Once Calvin Coolidge assumed the office of the president, he had a set of conservative principles that he sought to implement, especially taxes. Coolidge wanted to finish the agenda that Harding laid out for the nation. When Harding and Coolidge won the presidential election of 1920, the lame duck Wilson raised the top marginal tax rate to 70%.[2] However, President Harding urged the Congress to lower the marginal tax rates from 73% in the year 1920 to 56% in 1923.[3] At the same time, Coolidge also urged the Congress to reduce the marginal tax rate further than Harding. He lowered it to 25%, which is even lower than Ronald Reagan, who cut the tax rate to 28%.[4] Conservatives often credited Reagan for actually reducing the marginal tax rate to 28%. At the same time, they tend to ignore Coolidge’s accomplishments. Working closely with Coolidge, his Secretary of the Treasury Andrew Mellon, who served from March 9, 1921 – to February 12, 1932, persuaded Coolidge to cut taxes and spending. As Coolidge stated to the Congress

To the Congress of the United States:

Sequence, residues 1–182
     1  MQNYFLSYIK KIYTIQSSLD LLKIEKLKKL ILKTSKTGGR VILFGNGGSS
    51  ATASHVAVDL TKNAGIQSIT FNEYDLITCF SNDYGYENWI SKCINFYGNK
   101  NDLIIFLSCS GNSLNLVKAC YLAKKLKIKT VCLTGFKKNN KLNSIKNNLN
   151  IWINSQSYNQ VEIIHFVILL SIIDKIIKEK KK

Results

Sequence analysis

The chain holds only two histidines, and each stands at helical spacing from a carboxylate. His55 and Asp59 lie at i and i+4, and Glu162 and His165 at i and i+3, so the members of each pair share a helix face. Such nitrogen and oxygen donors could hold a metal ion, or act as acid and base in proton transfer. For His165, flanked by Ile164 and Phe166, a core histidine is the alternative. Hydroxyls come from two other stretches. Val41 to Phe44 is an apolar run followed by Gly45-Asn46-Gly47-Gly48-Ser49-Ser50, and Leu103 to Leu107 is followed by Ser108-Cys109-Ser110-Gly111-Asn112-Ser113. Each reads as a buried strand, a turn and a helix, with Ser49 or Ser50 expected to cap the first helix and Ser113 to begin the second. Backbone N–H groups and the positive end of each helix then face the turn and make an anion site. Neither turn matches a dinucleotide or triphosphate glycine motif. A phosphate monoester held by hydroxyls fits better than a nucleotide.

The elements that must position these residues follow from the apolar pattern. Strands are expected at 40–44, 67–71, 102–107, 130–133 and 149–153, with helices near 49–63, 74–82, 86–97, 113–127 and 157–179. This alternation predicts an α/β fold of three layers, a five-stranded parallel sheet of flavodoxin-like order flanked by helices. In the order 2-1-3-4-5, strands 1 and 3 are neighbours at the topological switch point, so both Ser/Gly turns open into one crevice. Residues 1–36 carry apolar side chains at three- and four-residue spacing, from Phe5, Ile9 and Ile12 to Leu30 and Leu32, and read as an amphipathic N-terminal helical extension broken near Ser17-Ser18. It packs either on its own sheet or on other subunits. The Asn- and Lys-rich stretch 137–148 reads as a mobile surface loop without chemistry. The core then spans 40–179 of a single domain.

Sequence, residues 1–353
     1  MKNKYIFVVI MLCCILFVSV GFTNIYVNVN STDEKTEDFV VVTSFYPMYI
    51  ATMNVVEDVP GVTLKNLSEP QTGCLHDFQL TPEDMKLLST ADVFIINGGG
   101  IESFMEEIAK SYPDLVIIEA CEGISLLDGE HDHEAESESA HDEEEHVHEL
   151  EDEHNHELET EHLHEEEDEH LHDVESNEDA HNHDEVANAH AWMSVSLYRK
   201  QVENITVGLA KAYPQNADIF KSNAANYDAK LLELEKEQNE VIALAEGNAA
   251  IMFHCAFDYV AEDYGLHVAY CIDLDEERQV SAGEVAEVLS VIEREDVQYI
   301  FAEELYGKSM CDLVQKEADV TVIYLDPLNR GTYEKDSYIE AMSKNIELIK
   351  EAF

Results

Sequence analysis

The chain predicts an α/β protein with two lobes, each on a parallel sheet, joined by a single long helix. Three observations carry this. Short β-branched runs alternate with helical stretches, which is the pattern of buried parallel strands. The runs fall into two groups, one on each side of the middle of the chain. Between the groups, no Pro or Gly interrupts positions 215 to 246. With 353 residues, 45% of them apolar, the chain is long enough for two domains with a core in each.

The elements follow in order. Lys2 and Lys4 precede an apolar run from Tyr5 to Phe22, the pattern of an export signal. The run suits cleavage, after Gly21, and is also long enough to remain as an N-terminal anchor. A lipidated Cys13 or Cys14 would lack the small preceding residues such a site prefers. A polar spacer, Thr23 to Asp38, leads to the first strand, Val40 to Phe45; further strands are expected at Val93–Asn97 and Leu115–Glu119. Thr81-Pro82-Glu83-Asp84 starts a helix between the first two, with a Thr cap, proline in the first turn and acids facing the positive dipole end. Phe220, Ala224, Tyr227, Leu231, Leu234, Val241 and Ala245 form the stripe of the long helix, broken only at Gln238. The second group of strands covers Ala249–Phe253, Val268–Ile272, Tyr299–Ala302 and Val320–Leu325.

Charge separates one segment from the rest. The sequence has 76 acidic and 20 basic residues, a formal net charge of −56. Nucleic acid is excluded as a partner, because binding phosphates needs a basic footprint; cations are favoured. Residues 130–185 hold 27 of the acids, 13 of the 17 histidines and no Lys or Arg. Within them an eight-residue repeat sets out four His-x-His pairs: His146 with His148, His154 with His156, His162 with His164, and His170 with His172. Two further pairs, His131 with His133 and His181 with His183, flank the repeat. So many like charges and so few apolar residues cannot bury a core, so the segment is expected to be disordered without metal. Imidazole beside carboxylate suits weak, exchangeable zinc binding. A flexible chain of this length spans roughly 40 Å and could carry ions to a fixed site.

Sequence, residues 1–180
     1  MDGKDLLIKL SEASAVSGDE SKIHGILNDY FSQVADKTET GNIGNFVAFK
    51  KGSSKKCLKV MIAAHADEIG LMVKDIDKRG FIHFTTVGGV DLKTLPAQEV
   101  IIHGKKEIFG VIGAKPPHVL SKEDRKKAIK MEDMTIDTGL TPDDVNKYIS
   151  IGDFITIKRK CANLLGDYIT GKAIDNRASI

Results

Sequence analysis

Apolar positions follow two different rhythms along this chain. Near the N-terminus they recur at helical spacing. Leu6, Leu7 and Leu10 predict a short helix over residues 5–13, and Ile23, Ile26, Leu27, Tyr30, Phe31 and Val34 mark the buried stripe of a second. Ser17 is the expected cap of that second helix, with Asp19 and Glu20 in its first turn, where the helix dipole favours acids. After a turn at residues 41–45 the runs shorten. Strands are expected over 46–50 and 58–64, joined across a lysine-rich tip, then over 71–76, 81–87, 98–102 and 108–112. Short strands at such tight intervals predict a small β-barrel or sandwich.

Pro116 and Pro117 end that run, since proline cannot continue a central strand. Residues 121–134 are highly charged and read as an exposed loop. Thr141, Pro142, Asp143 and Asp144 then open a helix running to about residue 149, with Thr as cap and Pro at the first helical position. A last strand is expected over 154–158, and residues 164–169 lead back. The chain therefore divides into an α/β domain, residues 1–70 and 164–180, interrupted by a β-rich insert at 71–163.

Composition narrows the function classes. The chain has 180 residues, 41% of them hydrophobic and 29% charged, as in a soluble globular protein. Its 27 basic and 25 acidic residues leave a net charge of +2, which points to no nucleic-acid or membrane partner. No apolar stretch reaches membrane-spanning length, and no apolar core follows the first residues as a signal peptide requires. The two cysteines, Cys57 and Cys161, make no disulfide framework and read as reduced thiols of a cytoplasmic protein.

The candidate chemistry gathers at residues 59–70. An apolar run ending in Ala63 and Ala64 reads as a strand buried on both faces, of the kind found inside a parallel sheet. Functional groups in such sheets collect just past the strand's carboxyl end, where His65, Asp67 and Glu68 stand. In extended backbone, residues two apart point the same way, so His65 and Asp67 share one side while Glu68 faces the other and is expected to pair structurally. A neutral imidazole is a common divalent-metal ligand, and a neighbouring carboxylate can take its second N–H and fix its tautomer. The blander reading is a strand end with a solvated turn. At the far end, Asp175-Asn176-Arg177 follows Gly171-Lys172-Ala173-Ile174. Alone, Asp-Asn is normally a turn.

It had been my earnest hope that a 25 per cent reduction in taxes to be paid for the current year might be provided by law before the 15th of March current. The taxpayers, the business interests, agriculture, industry, finance; in fact all the elements that go to make up the economic welfare of the people of America would be greatly benefited by such action. It would remove an element of uncertainty from the current financial year at once, which would be a strong stimulant to business, with its resultant benefit to the wage earner and the agriculture of our country. It is impossible to see that any harm could accrue from this action, and there is every prospect of resulting benefits which would be very great. It would be a positive step in the right direction, which is much needed at this time to justify the confidence of the people that the Government is intent solely on the promotion of the public welfare, without regard to any collateral objects.[5]


Therefore, the Congress passed the Revenue Act of 1926, which lowered the marginal income tax to 25%. As a result, Mellon has argued successfully that the government received more revenue after the tax cuts than the previous fiscal years.[6] At the same time, Coolidge and Mellon’s conservative fiscal policy also helped to inspire the Reagan administration 56 years later to follow in the footsteps of Coolidge. Coolidge argued that once the government lowered the marginal income tax rates for all Americans, the government would be able to acquire more revenue. At the same time, in order to achieve a surplus for the nation, the federal government would have to curtail government spending as well drastically.